As part of the “buts” discussion in the wake of the Sandy Hook Elementary School massacre, I have read here and elsewhere how other nations are “worse” in gun violence than the United States — as if having someone or something worse would make it all OK.
The New York Times has some eye-opening statistics here that show “just how anomalous America is on the issues of guns and violence among developed countries.”
The data in the Times:
shows how shamefully we measure up against other countries in the Organization for Economic Cooperation and Development. Among the O.E.C.D. countries that the World Bank groups as “high income,” America has the highest gun homicide rate, the highest number of guns per capita and the highest rate of deaths due to assault. In fact, America has more homicides by gun than all of the other high-income O.E.C.D. countries combined.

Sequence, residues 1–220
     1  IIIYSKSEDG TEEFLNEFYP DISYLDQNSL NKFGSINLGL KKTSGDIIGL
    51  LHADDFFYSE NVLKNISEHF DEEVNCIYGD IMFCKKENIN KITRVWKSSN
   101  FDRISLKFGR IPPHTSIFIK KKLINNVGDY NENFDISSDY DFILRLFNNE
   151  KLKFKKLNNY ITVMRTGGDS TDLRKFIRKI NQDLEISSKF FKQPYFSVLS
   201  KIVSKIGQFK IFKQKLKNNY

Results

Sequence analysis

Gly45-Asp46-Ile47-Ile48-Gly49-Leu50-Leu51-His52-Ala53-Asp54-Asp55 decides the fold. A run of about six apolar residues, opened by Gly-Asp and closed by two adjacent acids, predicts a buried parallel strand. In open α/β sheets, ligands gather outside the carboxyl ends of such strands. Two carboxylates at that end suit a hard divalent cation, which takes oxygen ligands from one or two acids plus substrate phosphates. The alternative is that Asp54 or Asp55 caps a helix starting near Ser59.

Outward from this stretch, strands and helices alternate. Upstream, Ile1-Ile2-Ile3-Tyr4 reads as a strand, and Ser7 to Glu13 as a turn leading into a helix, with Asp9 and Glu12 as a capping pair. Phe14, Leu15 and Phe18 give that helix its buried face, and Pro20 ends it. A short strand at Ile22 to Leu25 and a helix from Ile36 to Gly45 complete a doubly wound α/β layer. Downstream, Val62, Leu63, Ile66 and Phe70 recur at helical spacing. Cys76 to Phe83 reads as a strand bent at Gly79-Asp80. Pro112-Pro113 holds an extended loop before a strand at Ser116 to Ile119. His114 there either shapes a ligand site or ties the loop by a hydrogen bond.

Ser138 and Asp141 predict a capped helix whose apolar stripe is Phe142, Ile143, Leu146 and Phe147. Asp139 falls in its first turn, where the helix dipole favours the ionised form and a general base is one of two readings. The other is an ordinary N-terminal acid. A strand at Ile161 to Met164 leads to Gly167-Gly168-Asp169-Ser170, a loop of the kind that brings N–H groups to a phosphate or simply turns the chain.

As Times Op-Ed columnist Charles M. Blow says, “It’s just shameful.”
Sometimes there are no more buts available, no more reasons left to make sense of such tragedies.
Let us at least agree that the slaughter of our most innocent demands fewer “buts” and more “hows” by both sides in order to even begin to “take meaningful actions to prevent more tragedies like this, regardless of the politics.”